Been dying to get round to this for the past month or so, but didn’t have the chance. An acquaintance had a Bogner Uberschall pedal for sale and whilst I need another distortion pedal like I need another hole in my head, I was really intrigued to try it.
So, the Bogner arrived in good order, but work and illness prevented me from doing the head to head shootout. Since many people do not have the opportunity to direct compare these two titans, I thought you might find my conclusions interesting.
As I was waiting for the chance to do this shoot out, I watched a few videos on Youtube, and I admit I was thinking the Uberschall would not do it for me: all of the demos sound absolute pants to my ears.
Today the Moment Of Truth finally arrived. Setup: MIM ’72 reissue Tele Thinline w R Cocco strings, 1Spot power supply, Cables by Divine Noise, VOX LNT w ECC83 in power stage and bright mod and an Early 70s Hiwatt 4×12 cabinet
The first thing you should know is that these pedals are TOTALLY DIFFERENT. There was no real way to get them close in terms of overall tone, so I just tried to get them to unity gain and the same general timbre.
EMPRESS HEAVY. To me, this is the Be All-End All of high gain distortion pedals. Just tonnes of EVERYTHING, this pedal does not do organic, nor does it do responsive. It is a high gain, high sustain, distortion MONSTER. At the bottom of its gain range, it sounds like an overdrive pedal into a solid state amp … not very pretty to my ears. But from 8 o’clock on, the Heavy can do it all for metal tones. It is HIGHLY configurable with a tonne of knobs, switches, and noise gate options.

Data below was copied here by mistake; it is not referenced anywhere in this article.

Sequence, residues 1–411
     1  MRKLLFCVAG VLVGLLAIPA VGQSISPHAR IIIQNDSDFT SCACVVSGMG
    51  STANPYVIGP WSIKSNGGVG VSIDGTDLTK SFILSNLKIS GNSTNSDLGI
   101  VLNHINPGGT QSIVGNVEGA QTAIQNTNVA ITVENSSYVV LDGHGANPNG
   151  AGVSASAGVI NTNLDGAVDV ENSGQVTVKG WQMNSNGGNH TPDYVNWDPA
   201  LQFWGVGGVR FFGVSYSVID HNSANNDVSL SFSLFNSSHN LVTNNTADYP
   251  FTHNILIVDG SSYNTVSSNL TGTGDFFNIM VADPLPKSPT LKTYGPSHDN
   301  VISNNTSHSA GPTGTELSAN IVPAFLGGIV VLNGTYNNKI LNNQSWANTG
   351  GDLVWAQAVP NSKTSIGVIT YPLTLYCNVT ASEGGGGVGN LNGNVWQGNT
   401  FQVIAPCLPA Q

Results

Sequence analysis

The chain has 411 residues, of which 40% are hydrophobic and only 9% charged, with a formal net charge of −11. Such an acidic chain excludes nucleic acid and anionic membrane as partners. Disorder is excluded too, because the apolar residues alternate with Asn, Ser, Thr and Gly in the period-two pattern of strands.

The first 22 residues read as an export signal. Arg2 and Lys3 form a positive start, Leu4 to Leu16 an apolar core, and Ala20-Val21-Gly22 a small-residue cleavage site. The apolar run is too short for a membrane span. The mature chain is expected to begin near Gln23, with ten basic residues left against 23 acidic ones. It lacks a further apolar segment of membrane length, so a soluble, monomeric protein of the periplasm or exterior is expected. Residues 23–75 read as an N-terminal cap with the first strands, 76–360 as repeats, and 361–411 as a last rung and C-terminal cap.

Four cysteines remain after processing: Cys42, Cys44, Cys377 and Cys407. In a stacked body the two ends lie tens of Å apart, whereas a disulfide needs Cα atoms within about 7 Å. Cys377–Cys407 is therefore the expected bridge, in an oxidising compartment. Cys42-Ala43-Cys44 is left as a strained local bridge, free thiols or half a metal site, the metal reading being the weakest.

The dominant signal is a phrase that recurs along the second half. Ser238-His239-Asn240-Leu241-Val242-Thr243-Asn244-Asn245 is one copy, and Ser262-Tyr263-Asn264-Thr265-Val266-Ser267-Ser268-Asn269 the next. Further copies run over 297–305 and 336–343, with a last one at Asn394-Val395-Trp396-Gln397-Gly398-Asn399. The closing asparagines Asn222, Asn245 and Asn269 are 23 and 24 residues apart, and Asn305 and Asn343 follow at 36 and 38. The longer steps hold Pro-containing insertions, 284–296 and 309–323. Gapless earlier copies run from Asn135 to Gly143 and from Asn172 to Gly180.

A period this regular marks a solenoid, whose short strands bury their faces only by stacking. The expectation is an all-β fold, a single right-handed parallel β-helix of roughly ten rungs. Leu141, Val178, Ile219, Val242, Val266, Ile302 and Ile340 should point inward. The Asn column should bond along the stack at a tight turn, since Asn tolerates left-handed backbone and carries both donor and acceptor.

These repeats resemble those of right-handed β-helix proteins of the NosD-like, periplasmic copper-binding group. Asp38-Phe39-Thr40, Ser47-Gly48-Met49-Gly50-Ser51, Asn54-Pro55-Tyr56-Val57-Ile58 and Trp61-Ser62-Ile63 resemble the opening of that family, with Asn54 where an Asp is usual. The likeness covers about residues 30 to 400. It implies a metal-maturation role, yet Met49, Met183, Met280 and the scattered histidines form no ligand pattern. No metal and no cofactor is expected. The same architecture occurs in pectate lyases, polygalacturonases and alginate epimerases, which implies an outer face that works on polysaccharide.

BOGNER UBERSCHALL. Based on the videos I saw, I was really expecting the Uberschall to be this OTT distortion pedal that would basically be the same as the Heavy, but harder and brighter sounding. I COULD NOT BE MORE WRONG. The Uberschall is a lovely, amplike, character driven pedal that colours your tone is wonderful ways. I am pretty convinced that the output is buffered, at least with the boost engaged, or there is an optical compression circuit in the boost. I also think that the EQ is either passive or has VERY little gain. It sounded most natural with the EQ dimed, but the natural voicing of the pedal is so mid forward, I rolled the mids back to 1 o’clock. [comparatively, I had the Heavy mids set to 500Hz and BOOSTED UP to the same point]
The Uberschall’s overall tone reminded me very much of the Shiva, a kind of Marshallesque saturation that really wants to be wound up to sound its best. And that proved to be the case: if you want to get to the high gain goods here, be prepared to go WAY beyond unity gain and have your amp COOKING before engaging. If you engage the boost, crank the volume and gain, and compensate by turning your amp down, it will sound anaemic as all get-out. HOWEVER, at this end of the range, whilst sounding different from the Heavy, to my ears, it did not sound BETTER…
So, after much back and forth’ing, it became evident to me that the Uberschall, when not pushed to its limits, is a BRILLIANT preamp/boost/character/saturation pedal. It is not only the ‘supa br00talz’ pedal the marketing hype leads you to believe. The Heavy leaves the Uber booby trapped and waxed in that department. Sorry, Bogner fan boys, simple fact.
BUT WHICH ONE IS BETTER?!?! Neither, they are both great. The Uber is more versatile overall. The Heavy has more gain, sounds better at high gain, and has more versatility within that spectrum. For saturated crunch to old Priest or Maiden, look to the Uber. For Metallica, Anthrax, Testament, any modern or death metal? Heavy would be my first port of call.
WHICH DID I PREFER? My personal favourite setting? BOTH!
On either the Heavy or Heavier side of the Heavy, with the gain cranked, I LOVED the sound of the Heavy running into the Uberschall with the Boost engaged. It transformed my tone from sounding like a SS distortion pedal into a clean valve amp to sounding like an all valve gain MONSTER.
The Uberschall’s colouration and sag combined with the Heavy’s utra-precise distortion sounds … pretty much what you would expect a $600 combination to sound like.
I am greatly looking forward to trying this combination with my boost pedals, in particular the SHO and Bogner Harlow …
Thanks to guest contributor Ben Asaro for this great review.